Long before armchair renovators began tuning in to the TV show Build a New Life in the Country, Ireland’s ruling class was peppering the landscape with massive country homes and château-style castles surrounded by ornate gardens.
It’s a rich architectural legacy, remnants of an age when getting away from it all was easy – if you had it all to begin with.
“No streak of Puritan modesty restrained [those]for whom these houses were being built,” note the authors of Irish Houses & Castles. “Local rivalries, jealousy, and family pride had their effect on the architecture – people were ruined in the attempt to outbuild one another.”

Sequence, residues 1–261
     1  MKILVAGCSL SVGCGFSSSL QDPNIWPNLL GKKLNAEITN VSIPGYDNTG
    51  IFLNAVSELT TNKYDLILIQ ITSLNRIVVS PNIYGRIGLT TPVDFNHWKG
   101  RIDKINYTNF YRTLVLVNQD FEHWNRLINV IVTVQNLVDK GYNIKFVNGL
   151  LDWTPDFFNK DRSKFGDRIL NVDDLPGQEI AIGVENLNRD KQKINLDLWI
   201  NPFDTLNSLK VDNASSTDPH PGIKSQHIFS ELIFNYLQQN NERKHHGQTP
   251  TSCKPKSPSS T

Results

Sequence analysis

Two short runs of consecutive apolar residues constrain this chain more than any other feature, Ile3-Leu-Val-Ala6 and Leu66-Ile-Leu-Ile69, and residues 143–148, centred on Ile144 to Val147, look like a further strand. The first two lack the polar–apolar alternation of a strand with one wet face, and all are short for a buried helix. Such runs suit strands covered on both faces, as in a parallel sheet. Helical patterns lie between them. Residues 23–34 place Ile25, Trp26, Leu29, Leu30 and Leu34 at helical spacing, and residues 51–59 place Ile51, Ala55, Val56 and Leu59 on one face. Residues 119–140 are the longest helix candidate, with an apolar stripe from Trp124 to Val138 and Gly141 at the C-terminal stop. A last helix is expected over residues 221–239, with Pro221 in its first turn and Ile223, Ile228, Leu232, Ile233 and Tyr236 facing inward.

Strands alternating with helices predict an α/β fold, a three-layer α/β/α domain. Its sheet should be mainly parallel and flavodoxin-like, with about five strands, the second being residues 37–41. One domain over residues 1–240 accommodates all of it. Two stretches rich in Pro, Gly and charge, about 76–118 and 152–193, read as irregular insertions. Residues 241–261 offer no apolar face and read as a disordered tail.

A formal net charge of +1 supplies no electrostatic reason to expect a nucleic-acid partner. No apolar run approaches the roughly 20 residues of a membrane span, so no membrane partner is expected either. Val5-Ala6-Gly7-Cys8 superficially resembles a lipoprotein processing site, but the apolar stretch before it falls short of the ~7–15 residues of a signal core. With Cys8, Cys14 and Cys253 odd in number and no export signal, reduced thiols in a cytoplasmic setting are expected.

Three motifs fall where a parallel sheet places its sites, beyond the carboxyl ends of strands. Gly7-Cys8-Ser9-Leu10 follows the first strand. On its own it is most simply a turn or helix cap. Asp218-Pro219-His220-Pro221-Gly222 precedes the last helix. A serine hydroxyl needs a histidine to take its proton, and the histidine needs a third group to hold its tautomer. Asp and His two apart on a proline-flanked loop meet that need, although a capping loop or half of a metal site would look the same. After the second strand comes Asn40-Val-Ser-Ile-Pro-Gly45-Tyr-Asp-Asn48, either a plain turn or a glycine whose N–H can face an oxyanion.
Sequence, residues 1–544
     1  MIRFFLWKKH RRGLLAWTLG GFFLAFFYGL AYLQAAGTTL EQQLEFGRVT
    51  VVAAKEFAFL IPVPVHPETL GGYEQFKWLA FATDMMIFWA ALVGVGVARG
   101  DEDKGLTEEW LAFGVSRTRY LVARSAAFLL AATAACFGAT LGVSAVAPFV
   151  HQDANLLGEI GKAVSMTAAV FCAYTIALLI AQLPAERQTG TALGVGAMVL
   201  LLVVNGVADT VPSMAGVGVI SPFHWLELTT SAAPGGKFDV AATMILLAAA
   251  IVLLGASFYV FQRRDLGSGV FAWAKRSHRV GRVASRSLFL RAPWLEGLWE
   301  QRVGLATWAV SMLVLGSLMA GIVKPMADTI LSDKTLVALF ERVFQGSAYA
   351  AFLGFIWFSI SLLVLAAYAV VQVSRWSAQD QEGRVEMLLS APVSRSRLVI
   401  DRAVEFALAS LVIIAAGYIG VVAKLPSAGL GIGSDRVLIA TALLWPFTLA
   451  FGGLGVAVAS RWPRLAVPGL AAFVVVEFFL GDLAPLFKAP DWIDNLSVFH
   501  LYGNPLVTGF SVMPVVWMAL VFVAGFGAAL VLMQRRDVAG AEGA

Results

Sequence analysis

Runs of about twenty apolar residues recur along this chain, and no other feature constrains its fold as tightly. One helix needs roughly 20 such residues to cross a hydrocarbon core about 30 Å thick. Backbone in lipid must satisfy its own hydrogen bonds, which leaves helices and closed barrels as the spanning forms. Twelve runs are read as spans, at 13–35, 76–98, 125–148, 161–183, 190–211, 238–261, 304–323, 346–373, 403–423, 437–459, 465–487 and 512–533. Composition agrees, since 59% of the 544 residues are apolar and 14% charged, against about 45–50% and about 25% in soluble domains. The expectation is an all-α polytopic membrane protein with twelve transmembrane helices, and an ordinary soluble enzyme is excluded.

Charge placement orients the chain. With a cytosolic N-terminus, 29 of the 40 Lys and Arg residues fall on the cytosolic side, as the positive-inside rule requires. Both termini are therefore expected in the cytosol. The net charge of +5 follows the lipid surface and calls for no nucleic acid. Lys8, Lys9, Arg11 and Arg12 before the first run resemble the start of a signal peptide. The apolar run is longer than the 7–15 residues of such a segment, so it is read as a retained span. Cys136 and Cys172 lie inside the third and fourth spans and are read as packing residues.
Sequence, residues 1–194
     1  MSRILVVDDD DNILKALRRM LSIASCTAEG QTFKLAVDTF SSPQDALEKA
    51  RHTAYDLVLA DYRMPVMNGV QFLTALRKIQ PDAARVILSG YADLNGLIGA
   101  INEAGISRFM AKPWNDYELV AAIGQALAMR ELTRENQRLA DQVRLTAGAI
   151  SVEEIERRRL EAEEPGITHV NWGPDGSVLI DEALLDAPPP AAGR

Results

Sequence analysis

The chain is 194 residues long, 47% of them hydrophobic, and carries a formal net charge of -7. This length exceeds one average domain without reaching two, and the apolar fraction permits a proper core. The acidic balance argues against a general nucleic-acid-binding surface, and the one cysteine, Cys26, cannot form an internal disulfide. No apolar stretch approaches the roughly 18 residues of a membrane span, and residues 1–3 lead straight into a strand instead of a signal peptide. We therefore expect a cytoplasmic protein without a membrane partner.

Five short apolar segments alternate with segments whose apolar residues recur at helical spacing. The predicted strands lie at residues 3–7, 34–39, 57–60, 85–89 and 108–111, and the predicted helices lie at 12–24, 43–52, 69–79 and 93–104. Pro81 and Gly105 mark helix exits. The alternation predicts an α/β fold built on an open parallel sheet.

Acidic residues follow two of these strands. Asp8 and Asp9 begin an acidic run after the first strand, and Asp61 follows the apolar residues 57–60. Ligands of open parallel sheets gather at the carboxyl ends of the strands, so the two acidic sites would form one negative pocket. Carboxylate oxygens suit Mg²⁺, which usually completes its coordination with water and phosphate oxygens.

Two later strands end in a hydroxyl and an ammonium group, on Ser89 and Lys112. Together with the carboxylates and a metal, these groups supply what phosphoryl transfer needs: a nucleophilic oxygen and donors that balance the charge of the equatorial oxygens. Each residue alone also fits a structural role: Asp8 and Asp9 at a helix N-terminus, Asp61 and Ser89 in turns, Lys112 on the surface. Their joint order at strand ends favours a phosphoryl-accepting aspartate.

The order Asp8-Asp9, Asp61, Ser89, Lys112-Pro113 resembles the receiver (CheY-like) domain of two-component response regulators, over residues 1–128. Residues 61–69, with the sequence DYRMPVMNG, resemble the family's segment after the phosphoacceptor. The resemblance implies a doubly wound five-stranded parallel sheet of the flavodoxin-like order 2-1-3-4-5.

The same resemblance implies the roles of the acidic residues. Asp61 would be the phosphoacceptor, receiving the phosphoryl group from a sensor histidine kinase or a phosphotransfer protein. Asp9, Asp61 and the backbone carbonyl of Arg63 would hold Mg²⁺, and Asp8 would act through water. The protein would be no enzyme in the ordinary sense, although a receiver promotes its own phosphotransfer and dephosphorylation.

Having it all during Ireland’s home-and-garden building boom of the 1700s and 1800s meant being a member of the English-Protestant aristocracy in a country where almost everyone was Catholic and relegated to tenant farms and wee, thatched cottages. To Irish nationalists, these grand homes were symbols of British oppression, and a few became the target of IRA attacks during The Troubles. Today, they’re a major tourist draw. The government owns and operates dozens of estates and many of those in private hands are open to the public.
So whether you want to escape into the plush world of the landed gentry or to see tangible evidence of the injustices of Irish history, here are four houses and a castle worth checking out. A driving tour of the lower half of the island, starting and ending in Dublin, will take you to the doorsteps of all five.